The broader trend in population is quite similar: the share of whites has been declining as the percentage of blacks, Hispanics and Asians has been rising (see here and here). Prediction is a mug's game, but it hardly counts as going out on a limb to believe that trend will continue. Here's a paper from Pew forecasting that by 2050 Hispanics will comprise nearly one-third of the populace, Asians nearly one-tenth and whites less than half (the black population will remain constant, according to the forecast).
This shift has had a huge impact, undermining many former Republican strongholds. Micah Cohen's post last week at Five Thirty Eight, "In Nevada, Obama, Ryan and Signs of a New (Democratic-Leaning) Normal", goes into more detail about Nevada's changing demographics and changing political trends over the past half-century.
Nevada was once reliably red, favoring the Republican candidate relative to the national popular vote in every presidential election but one — 1960 — from 1948 through 2004. The Silver State’s rightward bent began to dissipate in the 1990s and 2000s. Bill Clinton, a Democrat, carried Nevada in 1992 and 1996, although he was helped by the independent candidacy of Ross Perot, Mr. Damore said.
In 2004, Nevada was almost exactly at the national tipping point, only 0.13 percentage points more Republican-leaning than the nation. Then in 2008, Nevada made the switch. Mr. Obama won nationally by seven percentage points, and he carried the state by 12.5 points. For the first time since 1960, Nevada was more Democratic-leaning than the country.
In 2010, Nevada showed signs that 2008 was not an anomaly. Harry Reid, the Senator majority leader who was battling a Republican wave nationally and poor approval ratings locally, upset expectations (and the polls) to defeat the Republican Sharron Angle in Nevada’s Senate race.
[. . .]
Nevada led the nation in population growth for the past two decades, more than doubling in size to 2.7 million, from 1.2 million in 1990. Fueling that growth has been Democratic-leaning demographic groups: Hispanics, Asians and African-Americans. While Nevada’s non-Hispanic white population grew by 12 percent from 2000 to 2010, African-Americans grew by 58 percent, Asians by 116 percent and Hispanics by 82 percent.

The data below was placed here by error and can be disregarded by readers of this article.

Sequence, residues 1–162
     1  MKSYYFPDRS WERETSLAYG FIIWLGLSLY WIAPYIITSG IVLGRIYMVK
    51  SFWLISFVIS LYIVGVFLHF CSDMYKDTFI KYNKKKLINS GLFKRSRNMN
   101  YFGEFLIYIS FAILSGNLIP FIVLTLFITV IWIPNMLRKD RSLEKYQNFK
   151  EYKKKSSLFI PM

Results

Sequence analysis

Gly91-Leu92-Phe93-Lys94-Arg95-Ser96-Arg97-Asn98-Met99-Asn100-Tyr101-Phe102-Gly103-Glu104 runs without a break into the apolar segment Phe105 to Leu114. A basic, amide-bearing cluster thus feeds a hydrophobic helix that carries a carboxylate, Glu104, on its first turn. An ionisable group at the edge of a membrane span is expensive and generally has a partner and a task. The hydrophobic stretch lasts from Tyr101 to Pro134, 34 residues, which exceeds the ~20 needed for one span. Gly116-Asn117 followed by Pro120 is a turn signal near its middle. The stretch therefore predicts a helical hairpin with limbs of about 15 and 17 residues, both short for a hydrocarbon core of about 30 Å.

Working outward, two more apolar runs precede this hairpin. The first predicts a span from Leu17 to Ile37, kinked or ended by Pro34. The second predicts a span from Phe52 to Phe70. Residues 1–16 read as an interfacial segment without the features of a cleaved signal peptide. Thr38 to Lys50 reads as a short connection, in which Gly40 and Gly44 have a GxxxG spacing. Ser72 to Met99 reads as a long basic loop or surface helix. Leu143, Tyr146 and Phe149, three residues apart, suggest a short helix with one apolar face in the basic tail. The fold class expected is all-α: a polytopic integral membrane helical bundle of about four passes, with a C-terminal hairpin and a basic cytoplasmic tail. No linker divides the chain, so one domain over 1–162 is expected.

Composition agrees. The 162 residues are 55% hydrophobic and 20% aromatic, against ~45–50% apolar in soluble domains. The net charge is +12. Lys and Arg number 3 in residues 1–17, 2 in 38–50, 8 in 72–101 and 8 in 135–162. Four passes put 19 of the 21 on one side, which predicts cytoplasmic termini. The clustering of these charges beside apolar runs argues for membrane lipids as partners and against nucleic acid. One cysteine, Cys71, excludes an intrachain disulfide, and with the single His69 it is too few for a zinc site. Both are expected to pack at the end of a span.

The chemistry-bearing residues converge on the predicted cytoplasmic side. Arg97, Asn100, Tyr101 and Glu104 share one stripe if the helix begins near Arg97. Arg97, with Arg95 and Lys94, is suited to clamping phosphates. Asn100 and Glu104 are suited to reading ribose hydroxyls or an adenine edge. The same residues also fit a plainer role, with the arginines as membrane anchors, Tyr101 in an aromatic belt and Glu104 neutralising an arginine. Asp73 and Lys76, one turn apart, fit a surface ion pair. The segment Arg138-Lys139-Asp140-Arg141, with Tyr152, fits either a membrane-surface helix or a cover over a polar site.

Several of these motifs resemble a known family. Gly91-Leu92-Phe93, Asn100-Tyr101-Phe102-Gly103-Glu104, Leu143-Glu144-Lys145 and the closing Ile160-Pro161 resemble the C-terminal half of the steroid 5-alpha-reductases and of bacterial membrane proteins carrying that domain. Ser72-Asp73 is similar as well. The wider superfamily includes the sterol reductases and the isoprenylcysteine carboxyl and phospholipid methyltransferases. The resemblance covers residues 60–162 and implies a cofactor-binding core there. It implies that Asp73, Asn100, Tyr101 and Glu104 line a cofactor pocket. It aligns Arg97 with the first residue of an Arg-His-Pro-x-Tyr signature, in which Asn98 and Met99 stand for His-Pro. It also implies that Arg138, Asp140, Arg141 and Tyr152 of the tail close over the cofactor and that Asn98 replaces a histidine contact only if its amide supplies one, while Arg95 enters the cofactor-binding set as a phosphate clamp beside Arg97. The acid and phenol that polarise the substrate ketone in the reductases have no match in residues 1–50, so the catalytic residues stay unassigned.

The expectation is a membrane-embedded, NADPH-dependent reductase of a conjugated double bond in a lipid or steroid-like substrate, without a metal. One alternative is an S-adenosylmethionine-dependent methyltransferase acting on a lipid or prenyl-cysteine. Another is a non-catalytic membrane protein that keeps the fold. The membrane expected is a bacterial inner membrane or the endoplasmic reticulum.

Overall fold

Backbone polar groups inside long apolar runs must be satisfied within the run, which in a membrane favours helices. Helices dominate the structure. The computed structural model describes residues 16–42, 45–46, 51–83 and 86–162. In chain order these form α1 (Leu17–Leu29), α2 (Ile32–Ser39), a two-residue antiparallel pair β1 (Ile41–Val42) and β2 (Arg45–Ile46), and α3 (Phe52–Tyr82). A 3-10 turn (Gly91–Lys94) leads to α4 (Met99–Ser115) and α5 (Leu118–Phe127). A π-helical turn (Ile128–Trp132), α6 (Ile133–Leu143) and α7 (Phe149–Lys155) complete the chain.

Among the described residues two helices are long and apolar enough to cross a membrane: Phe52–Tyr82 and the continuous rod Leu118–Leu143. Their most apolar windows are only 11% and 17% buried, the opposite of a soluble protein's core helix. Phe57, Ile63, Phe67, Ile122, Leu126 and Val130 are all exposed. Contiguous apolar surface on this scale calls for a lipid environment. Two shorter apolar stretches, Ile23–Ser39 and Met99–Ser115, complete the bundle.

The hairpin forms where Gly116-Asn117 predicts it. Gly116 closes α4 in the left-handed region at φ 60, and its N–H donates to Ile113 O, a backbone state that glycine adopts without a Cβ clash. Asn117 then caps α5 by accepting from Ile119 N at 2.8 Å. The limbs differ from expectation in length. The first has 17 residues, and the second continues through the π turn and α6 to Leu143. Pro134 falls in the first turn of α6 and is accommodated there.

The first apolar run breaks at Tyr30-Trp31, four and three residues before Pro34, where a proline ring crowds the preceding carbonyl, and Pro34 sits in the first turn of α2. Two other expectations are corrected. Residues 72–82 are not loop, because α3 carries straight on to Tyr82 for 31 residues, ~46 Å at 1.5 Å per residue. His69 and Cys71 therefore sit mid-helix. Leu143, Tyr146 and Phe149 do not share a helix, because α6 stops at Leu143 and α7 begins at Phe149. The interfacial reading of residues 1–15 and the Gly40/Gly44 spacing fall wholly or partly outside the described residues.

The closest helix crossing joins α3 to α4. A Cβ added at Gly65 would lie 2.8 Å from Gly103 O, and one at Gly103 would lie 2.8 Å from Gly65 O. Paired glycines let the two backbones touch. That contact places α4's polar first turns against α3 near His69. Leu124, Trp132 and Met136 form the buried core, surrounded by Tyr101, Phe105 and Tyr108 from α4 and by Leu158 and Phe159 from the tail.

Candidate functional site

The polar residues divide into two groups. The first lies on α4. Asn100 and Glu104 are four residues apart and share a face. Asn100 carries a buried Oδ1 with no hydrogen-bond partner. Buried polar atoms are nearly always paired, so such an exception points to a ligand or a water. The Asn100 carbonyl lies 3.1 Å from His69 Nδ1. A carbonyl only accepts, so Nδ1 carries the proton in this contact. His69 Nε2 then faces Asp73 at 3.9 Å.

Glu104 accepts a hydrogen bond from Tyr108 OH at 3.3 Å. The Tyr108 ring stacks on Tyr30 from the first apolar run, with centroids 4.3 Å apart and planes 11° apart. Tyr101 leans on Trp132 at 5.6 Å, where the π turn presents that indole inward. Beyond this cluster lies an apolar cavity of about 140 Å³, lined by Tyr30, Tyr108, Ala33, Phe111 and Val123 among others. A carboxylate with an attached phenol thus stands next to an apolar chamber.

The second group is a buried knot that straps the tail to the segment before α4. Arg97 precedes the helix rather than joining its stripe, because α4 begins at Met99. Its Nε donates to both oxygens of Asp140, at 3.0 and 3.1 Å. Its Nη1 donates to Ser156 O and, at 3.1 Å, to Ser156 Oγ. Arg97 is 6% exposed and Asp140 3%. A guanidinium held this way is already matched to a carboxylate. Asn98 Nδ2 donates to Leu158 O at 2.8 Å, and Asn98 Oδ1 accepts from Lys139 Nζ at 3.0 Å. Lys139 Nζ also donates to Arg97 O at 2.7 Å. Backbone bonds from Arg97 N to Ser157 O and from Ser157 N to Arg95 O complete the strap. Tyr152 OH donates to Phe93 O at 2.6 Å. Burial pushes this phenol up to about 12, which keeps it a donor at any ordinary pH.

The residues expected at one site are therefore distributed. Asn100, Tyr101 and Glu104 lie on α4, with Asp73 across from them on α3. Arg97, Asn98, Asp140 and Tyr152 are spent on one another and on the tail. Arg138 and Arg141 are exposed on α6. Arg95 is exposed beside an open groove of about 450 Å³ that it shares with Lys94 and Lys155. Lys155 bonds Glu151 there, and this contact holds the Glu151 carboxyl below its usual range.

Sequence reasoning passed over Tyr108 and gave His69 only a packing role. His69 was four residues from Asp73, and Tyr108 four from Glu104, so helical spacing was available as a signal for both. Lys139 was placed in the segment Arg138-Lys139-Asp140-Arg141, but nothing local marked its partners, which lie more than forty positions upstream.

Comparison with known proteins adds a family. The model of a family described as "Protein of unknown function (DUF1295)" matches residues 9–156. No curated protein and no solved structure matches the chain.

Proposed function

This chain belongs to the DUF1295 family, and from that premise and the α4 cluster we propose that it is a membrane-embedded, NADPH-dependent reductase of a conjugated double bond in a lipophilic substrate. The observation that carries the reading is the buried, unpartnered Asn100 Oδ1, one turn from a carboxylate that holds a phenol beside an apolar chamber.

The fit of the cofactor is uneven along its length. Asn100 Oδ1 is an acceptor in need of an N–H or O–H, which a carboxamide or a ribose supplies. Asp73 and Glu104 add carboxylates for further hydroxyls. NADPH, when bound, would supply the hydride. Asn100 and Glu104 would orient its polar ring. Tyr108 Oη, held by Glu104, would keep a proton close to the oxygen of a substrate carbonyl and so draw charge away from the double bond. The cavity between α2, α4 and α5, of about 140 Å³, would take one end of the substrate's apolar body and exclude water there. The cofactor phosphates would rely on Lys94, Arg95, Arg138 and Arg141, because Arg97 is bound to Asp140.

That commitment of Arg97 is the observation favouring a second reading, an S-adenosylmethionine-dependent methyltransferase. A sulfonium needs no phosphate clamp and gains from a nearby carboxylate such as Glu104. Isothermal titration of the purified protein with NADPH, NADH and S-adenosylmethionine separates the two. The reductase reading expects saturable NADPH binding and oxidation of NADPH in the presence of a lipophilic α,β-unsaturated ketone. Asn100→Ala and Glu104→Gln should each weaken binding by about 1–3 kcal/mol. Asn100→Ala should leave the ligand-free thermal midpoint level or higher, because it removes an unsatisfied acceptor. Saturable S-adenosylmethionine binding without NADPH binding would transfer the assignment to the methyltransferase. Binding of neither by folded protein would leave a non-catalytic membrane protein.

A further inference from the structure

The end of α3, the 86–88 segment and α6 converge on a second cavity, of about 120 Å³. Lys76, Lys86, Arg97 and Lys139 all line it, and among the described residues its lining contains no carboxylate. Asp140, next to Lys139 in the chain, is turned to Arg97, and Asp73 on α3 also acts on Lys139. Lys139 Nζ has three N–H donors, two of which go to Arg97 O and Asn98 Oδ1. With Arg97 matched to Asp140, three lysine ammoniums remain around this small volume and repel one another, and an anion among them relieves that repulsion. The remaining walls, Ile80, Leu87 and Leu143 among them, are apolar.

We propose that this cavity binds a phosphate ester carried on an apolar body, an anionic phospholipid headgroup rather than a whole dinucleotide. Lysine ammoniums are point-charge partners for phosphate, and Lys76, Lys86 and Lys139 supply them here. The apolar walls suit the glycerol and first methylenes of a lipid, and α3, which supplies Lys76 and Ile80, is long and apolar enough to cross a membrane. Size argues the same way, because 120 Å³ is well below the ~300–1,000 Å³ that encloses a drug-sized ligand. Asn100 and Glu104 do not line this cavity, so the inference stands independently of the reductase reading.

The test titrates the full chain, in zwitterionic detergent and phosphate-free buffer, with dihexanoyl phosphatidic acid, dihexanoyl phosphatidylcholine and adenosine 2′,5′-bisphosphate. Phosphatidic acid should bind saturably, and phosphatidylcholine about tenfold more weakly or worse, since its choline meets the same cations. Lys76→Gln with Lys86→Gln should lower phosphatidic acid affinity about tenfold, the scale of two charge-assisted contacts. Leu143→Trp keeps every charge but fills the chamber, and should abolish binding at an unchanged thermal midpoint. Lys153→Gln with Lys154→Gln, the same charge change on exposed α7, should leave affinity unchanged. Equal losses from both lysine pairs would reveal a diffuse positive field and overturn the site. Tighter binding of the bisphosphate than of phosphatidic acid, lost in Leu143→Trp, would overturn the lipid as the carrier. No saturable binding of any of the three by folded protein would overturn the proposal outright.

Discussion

Non-Hispanic whites are still a majority in Nevada, but barely, comprising 54 percent of the state. Hispanics are 27 percent, African-Americans are almost 9 percent, and Asians are about 8 percent.
The state’s booming population has also made Nevada more urban, as the growth has been focused primarily in and around Las Vegas and Reno. Nevada is now the third most urban state in terms of population, according to the 2010 census.
Rural Nevada — which has not seen the population boom that Las Vegas and Reno have — is still overwhelmingly Republican. But it accounts for only about 15 percent of the state population, Mr. Damore said.
Clark County, where Las Vegas is located, is home to more than 70 percent of Nevadans. It is a majority minority county and a Democratic stronghold. The core of Las Vegas is the most left-leaning and predominantly Hispanic and African-American. The Las Vegas suburbs are more politically competitive, similar to suburban communities in Colorado or Virginia, Mr. Damore said.
Why this weakness? Chris Thompson's June article in Rolling Stone, polemical though it may be, places its causes squarely and--I think--accurately--on a fair perception among Hispanics and other groups that the Republican Party doesn't like them very much.
Today, California is competing with Massachusetts and Vermont for the title of bluest state in the Union. Democrats utterly dominate state politics and run all the major cities from north to south, Los Angeles to the Bay Area.
As for the state’s Republicans, they used to roam the freeways and cul-de-sacs in great, thundering herds. Now, they cling to a few isolated enclaves along the beaches of San Diego, farmlands of the Central Valley, and retirement communities near the Oregon border. And they are old and white in a state that's increasingly young and brown.